Links for April 22nd

  • Public Policy Polling: A deeper look at the birthers
    A 2009 "birther" poll of North Carolina residents found that 6% believe that Hawaii is not part of the United States, while 4% just aren't sure. That's one in ten North Carolinians who are not aware of one of the most fundmental facts of our nation.
  • St. Petersburg Times: Can a complete novice become a golf pro with 10,000 hours of practice?
    Malcolm Gladwell wrote in "Outliers" that it takes 10,000 hours of experience to become great at something. This 31-year-old is giving it a whirl, intending to spend 10,000 hours playing golf—a game in which he has no interest or abilities—over the next six years, with the intention of becoming a professional golfer with a permanent spot on the PGA Tour. He's 1,400 hours and one year into this grand experiment.
  • Willamette Week: 9 Things The Rich Don’t Want You To Know About Taxes
    The effective tax rate on the 400 wealthiest Americans is 16.6%. The top 1%? They pay 23%. Remember John Paulson, the hedge-fund manager who made $9,000,000,000 by betting against the housing market? He paid exactly $0 in taxes on that. That's because hedge-fund managers don't have to pay any income taxes—congress exempts them. That must be nice for them.

9 thoughts on “Links for April 22nd”

  1. I can easily get on the bandwagon about how the rich can and should pay more, but the 9b example with the hedge fund manager is disingenuous. You pay taxes on capital gains at the time when you sell the stock. Paulson will pay taxes but it will likely be at a 15% rate for the long term capital gains rate. I have stock that has appreciated as well (albeit not to the tune of 9 billion) that I have paid no taxes on, but I will pay them when I sell. I don’t feel like a tycoon for doing so, it is just how the tax code works. The alternative would be to make every investor report their accrued cost basis and earnings each year. Egads.

  2. Actually, Malcolm Gladwell did not say that the only thing that you had to do to become good at something was to spend 10,000 hours doing it. You had to have some ability, some coaching, etc. What Gladwell said was that, assuming that ability and coaching, someone with a minimal level of competence, with 10,000 hours, would become “expert.” He did not define “expert.”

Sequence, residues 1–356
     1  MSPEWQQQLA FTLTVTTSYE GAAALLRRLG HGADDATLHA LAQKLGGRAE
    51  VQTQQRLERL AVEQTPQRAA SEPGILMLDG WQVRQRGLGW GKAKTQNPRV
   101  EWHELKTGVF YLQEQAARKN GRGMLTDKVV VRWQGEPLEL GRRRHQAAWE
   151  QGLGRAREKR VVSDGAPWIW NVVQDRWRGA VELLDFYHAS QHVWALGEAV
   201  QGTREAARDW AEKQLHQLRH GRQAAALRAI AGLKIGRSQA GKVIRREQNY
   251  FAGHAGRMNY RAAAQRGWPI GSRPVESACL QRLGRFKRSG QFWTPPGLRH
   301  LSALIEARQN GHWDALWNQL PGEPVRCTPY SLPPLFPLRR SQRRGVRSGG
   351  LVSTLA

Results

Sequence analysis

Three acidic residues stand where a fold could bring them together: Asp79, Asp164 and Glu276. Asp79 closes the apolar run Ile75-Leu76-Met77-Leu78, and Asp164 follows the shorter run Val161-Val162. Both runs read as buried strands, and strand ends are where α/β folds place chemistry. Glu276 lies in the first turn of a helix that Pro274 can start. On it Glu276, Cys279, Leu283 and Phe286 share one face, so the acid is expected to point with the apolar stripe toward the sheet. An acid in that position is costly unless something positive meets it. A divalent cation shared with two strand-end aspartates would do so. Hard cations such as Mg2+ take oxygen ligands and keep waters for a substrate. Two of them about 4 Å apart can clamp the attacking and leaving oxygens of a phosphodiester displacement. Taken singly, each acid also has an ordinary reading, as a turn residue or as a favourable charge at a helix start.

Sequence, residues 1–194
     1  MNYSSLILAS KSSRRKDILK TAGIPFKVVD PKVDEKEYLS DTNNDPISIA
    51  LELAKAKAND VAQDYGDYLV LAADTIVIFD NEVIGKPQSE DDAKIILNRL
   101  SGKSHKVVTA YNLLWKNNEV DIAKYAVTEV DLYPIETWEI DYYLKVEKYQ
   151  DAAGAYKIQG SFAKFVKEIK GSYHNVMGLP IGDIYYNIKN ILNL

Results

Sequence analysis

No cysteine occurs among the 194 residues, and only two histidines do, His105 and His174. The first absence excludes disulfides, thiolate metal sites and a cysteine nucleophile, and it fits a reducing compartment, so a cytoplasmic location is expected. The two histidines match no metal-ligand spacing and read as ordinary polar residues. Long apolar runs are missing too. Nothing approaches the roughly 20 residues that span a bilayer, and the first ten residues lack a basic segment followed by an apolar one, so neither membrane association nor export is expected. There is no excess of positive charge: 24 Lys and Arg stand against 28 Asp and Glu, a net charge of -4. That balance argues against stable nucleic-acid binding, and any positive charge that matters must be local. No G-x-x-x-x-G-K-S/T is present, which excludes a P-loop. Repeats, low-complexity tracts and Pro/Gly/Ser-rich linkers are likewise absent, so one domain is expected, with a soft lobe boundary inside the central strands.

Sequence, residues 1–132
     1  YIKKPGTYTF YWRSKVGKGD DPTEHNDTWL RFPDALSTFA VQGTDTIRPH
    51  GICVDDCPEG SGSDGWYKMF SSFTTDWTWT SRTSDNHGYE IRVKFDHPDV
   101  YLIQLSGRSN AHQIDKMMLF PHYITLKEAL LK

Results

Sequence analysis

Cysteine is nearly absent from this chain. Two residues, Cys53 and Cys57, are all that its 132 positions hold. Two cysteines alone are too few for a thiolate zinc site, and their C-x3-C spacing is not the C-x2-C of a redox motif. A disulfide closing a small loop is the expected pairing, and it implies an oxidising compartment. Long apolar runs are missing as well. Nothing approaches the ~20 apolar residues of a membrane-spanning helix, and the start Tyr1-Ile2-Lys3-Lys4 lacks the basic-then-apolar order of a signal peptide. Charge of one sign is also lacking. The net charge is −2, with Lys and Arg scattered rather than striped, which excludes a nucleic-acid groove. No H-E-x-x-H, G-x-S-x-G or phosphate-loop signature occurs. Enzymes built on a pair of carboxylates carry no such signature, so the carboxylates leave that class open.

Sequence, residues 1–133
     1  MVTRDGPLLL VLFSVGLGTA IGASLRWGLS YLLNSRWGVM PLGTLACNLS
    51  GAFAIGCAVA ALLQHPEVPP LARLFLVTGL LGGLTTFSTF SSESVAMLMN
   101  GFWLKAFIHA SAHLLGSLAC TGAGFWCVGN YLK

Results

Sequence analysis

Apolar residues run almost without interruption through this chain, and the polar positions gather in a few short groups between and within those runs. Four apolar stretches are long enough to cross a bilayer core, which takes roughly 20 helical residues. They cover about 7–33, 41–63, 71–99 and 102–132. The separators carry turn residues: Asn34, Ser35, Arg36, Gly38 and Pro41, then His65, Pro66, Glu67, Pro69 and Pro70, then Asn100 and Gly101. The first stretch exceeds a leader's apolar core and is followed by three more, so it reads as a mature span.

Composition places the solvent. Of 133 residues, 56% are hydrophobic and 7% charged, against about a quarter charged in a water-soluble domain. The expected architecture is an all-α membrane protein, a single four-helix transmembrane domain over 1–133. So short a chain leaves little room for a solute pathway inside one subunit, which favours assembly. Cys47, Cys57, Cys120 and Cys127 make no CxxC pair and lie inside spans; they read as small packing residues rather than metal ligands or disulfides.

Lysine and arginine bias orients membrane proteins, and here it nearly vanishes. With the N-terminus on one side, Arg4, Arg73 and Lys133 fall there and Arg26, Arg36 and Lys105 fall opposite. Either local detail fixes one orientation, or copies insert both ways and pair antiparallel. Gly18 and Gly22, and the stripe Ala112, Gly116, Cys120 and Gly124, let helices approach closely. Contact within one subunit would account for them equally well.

Many law students come out of 3 years of law school with about 10,000 hours of law study, and they are NOT “expert.” A lawyer with 5 years’ experience (10,000 hours, roughly) is a WHOLE lot better a lawyer than someone with 0 years of experience. But he or she is still not “expert.”

    I think Malcolm Gladwell would be horrified to think that someone would figure that all that is necessary to become expert is to spend 10,000 hours doing something.

    And then there is Cal Ripken’s advice — it isn’t “practice makes perfect” — it’s “perfect practice makes perfect.” If you aren’t doing it right, doing it again won’t help.;

  3. I can easily get on the bandwagon about how the rich can and should pay more, but the 9b example with the hedge fund manager is disingenuous.

    I follow your point, Duane, but I think the Willamette Week author addresses that pretty well. He writes: “So long as they leave their money, known as “carried interest,” in the hedge fund, their taxes are deferred. They only pay taxes when they cash out, which could be decades from now for younger managers. How do these hedge-fund managers get money in the meantime? By borrowing against the carried interest, often at absurdly low rates—currently about 2 percent.” I’m guess I’m just not sure what’s the proper way to describe taxes that may never be paid within the lifetime of the (ostensible) taxpayer, at least within the context of a three-setence blurb. :) Note, too, that these are taxes that could eliminated entirely with a Bush-style tax cut for the wealthy—an exemption could eliminate that only-on-paper burden, a benefit that your average behind-on-his-taxes schmoe is not likely to ever enjoy.

  4. Actually, Malcolm Gladwell did not say that the only thing that you had to do to become good at something was to spend 10,000 hours doing it. You had to have some ability, some coaching, etc. What Gladwell said was that, assuming that ability and coaching, someone with a minimal level of competence, with 10,000 hours, would become “expert.”

    Well, and if we want to get really finicky, it wasn’t really Gladwell saying that—he was actually citing some other guy. :) (I can’t remember who, because it’s been years since I’ve read the book.) But I think it’s a fair conflation to substitute the phrase “great at something” for “an expert” for the purpose of a playing physical sport. I draw that particular line because I could easily become “an expert” on basketball, but despite being 6’4″, I think it’s a fair bet that there’s no danger of me ever becoming “great at” it. :)

  5. Hell in 2008 Obama thought we had 57 states and now he is the POTUS.

    Not quite. :) He was in the middle of saying that he’d visited 50 states, realized that was wrong, amended it to 47, but paused midway through, saying “fifty…[pause to count the missing states]…seven,” a mistake that he corrected a short time later. That’s really quite different than, upon questioning, insisting that there are, in fact, 57 states or, of course, 49.

  6. Waldo, regarding the 2% loan. This is low, but let’s consider what he will do with the money. If he spends it, he pays sales tax. If he invests it and earns more than 2% he will pay taxes on the gain.

    The real issue here is that a working stiff easily pays 20-25% taxes on earned income while the wealthy pay 15% tax on passive income. While a wage earner can’t defer paying taxes in the future, an investor can. Something is screwy, but people who say that the wealthy don’t pay taxes on investments are plain mistaken.

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